Springtime is my favorite season: new growth, warmer east coast weather, and more daylight. But I also enjoy springtime because it marks the season when we measure and reflect on our students’ progress in educational therapy! Now is the time of year to begin annual progress monitoring by conducting annual testing. Kim LeFevre, Wendy Bokmiller, and several NILD instructors often field annual testing questions that come to NILD headquarters. We thought it would be beneficial to share others’ questions and our responses.
NILD defines educational therapy as an intervention that first determines a student’s patterns of learning strengths and weaknesses and then provides intense instruction in a one‐to‐one setting to remediate the identified educational weaknesses.
Improving educational therapists' knowledge, efficacy, and practices related to developing students' growth mindsets. Self-efficacy and mindset are non-cognitive factors which may adversely or positively impact the reading achievement of students with learning disabilities (LD).
Classroom teaching was frustrating for Deborah, however she felt drawn to those students who struggled to learn. Still searching for answers, she enrolled in a Master’s program for special education, and attempted to convince her professors that stimulation, not easier materials would be a more appropriate approach to teach students with learning challenges. Her professors did not agree.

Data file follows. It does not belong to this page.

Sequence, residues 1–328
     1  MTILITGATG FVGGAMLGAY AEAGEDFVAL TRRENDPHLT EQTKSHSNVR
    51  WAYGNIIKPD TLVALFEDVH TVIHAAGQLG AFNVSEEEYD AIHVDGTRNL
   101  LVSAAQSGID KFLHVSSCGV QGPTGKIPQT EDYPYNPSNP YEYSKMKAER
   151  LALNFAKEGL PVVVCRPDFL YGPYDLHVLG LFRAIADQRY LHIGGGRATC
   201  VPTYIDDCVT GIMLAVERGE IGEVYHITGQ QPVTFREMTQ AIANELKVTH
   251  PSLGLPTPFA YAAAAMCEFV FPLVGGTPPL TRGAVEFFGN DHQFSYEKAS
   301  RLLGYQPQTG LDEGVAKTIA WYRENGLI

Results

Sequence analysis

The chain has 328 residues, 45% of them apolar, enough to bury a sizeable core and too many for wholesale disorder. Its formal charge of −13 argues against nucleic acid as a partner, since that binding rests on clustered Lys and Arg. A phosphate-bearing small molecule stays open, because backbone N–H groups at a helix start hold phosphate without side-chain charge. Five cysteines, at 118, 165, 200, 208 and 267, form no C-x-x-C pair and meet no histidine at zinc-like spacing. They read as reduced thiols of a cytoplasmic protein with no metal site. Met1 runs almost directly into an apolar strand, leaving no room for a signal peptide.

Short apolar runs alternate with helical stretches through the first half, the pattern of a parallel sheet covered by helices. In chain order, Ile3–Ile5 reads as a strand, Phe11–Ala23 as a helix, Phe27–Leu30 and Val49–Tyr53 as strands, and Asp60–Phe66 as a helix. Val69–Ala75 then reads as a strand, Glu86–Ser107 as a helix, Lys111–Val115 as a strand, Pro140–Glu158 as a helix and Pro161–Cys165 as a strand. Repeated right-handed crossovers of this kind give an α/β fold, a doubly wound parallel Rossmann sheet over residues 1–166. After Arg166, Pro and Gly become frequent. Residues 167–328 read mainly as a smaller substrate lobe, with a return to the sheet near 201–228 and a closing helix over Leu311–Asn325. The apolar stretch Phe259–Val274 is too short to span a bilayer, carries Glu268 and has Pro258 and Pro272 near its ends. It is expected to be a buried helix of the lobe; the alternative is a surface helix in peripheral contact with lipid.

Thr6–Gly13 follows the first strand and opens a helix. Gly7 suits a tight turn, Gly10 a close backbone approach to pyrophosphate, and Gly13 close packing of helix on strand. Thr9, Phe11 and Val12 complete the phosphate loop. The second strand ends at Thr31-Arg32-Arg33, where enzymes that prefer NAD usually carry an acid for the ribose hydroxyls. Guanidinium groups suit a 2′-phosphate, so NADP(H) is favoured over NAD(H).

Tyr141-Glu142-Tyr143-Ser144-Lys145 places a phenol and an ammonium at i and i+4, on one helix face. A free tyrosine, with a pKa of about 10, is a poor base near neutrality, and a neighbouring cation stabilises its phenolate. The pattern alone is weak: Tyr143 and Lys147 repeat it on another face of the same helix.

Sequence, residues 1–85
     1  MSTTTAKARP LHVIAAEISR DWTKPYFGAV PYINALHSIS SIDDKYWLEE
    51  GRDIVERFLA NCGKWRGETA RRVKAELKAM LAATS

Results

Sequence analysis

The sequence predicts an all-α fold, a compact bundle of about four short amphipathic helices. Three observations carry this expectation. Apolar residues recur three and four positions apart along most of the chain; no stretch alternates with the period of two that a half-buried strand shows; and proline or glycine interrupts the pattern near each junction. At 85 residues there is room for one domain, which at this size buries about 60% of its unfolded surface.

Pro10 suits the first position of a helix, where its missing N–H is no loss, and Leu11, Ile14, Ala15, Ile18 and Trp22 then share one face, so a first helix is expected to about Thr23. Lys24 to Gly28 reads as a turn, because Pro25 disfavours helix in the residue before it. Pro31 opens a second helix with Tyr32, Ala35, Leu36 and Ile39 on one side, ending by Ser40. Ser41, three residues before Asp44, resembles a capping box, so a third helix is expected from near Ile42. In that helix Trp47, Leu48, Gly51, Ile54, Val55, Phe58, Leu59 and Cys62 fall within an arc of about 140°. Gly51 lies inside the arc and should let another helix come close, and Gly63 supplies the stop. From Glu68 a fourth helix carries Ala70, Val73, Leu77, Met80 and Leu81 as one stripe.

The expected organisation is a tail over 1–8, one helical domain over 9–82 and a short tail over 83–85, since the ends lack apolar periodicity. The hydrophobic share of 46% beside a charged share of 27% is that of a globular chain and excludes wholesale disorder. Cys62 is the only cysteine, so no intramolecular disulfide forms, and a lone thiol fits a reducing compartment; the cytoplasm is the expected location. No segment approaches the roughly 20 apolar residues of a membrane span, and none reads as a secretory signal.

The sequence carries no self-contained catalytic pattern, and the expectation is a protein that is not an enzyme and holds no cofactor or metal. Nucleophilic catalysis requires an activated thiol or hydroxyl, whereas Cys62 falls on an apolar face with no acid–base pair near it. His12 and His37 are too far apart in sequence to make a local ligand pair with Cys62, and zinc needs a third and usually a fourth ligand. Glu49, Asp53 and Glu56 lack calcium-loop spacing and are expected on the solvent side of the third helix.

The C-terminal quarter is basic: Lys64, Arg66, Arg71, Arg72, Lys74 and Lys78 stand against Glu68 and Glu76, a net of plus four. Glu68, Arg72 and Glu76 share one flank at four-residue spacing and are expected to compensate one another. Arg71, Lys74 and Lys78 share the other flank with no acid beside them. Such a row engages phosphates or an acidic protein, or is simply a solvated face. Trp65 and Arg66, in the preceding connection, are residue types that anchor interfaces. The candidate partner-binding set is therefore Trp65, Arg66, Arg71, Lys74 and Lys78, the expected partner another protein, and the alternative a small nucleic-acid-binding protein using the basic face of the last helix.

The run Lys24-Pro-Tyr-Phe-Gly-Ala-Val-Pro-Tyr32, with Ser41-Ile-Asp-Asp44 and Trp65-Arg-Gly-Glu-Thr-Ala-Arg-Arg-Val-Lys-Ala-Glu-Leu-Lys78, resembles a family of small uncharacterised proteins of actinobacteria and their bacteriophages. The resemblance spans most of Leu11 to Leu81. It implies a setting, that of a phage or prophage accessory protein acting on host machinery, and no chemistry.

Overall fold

NILD requires an initial psycho-educational evaluation before students enter NILD Educational Therapy®. This enables the therapist to understand students’ learning strengths and challenges, and skillfully tailor sessions to the specific needs of each student.
NILD is research-driven and evidence-based. Research validates NILD educational therapy interventions that have helped students with learning challenges for over 40 years. Every student is unique. NILD’s research-based, individualized approach is unique too.